This is a superb piece of journalism and one of the best true crime books I’ve read. In fact, it goes far beyond true crime, richly portraying every stratum of an entire culture and era. The core of the story concerns the sudden and mysterious 1969 death of a wealthy young woman who was well known and well liked throughout her community. The woman’s marriage had been in trouble at the time of her death. Her unhappy husband had a new lover, and immediately after the death, her vindictive father blamed the husband for murder.
I won’t go too far into the plot, because the plot twists a hundred times before the book ends, and each time you think you understand a character and the significance of the events they’re involved in, something new comes along and upends your understanding, forcing you to reevaluate.
Thompson does an excellent job presenting a tale that involves a number of Houston’s wealthiest families, as well as prostitutes, thieves, hit men, cops, prosecutors, boozers, addicts, bullying oil men, and celebrated surgeons–with the politics of oil and money hovering over it all.
If this had been a novel, readers might reject it as too complicated and too far-fetched. But real life is messier than novels, and as one writer pointed out, fiction has to stick to what’s probable, while real life only has to stick to what’s possible. The second realm is much broader than the first, and much more difficult to wrestle into a thorough and coherent story.
Thompson is an excellent portrayer of characters, and he introduces each new character with rich and salient detail before they become actors in the story. The prostitute is not merely a prostitute. She’s a fully fleshed out human being whose past informs an intelligent world view. By the time you see her interacting with the other characters and making decisions, you understand her motives, her fears and desires. The same goes for the cops, the oil man, the thief, the prosecutors, the young woman and the husband. Because the author has taken the time to make them all well rounded, relatable characters, you begin to see each part of the story from each character’s perspective, and the story that could stand on plot alone becomes exceptionally rich and multifaceted.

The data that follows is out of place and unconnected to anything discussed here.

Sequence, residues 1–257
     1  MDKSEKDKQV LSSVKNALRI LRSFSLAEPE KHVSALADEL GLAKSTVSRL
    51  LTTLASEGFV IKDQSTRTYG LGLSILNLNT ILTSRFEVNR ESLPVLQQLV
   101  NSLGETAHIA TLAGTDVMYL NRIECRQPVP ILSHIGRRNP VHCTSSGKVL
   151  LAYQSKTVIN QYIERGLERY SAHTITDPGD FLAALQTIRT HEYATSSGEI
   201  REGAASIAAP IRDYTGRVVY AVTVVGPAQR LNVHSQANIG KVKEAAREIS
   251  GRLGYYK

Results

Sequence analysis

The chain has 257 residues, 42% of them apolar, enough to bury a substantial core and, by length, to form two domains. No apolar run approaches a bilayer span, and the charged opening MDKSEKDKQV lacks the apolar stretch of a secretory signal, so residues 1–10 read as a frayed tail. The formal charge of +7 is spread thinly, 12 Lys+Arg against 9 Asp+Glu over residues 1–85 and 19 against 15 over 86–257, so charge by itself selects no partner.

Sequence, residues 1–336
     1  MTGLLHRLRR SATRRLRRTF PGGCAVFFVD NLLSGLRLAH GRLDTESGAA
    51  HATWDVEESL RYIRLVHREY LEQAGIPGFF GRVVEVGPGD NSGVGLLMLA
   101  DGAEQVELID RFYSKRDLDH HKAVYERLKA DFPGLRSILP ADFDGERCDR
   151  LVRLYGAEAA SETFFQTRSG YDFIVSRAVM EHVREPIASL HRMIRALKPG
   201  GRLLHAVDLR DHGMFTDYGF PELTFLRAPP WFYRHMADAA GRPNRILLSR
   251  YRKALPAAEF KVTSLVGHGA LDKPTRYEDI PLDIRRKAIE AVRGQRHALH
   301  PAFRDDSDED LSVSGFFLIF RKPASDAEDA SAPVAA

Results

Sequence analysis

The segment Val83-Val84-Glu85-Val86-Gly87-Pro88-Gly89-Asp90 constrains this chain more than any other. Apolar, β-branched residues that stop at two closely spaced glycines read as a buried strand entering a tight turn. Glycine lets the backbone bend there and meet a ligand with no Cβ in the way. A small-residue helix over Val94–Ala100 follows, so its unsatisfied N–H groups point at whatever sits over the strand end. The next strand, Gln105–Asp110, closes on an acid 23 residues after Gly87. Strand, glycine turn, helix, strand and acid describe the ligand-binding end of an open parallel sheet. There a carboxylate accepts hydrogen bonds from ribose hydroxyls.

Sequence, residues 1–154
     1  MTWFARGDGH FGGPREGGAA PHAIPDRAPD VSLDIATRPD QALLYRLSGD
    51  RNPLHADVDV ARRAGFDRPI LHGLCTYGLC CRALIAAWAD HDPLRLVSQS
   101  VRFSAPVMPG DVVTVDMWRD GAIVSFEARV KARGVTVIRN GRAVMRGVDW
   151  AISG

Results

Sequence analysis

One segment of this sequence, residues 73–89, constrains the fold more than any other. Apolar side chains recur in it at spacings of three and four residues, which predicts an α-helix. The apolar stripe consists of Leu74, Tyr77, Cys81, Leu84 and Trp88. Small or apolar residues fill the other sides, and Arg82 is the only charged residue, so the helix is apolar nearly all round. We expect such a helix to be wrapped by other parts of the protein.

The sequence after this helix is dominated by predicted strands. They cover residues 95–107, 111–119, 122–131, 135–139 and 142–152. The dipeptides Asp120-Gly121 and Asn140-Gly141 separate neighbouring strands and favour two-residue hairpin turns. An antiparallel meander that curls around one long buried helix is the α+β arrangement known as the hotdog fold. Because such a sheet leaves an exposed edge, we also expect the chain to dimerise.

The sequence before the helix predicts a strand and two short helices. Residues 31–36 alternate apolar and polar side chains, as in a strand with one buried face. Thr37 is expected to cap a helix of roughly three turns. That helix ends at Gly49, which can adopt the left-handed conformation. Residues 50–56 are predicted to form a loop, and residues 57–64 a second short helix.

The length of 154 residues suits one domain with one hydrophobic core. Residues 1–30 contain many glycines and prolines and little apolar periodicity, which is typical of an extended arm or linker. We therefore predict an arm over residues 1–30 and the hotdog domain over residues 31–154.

The brilliance of this work lies first in the scope and depth of the author’s research, and second in his ability to tell a tale such a complex tale with such richness, nuance, and clarity. If you like stories that portray complex (and lurid) human interaction within a rich social and historical context, you will love this book. Thompson makes it easy to sink in for the long, strange trip.
Patrick Hamilton’s The Slaves of Solitude is set in a boarding house in the London suburb of Thames Lockdon during the winter of 1943. A number of Londoners have abandoned the city after the German blitz and taken up residence in the Rosamund Tea Rooms, where they live under the weight of the war and government-imposed nighttime blackouts.
The book presents a cast of characters forced together by the war who would never have come together on their own. The protagonist, from whose perspective we see most of the action, is the prim, repressed, highly observant and highly sensitive Miss Enid Roach. Her sometime love interest is the heavy-drinking, good-natured American lieutenant Dayton Pike. Her rival and nemesis is the conniving and underhanded Vicki Kugelman, and her tormentor is the hilariously boorish, cringe-inducing bully, Mr. Thwaites.
The overall atmosphere of the book is one of repression, claustrophobia, and forced closeness. But it’s still one of the funniest books I’ve read in a long time. The inhabitants of the Rosamund Tea Rooms have sunk into a toxic atmosphere of sniping and resentment, and the house is dominated by the boastful, pompous, and impossibly obnoxious Mr. Thwaites, a Dickensian comic character whose sole joy in life is to torment everyone around him.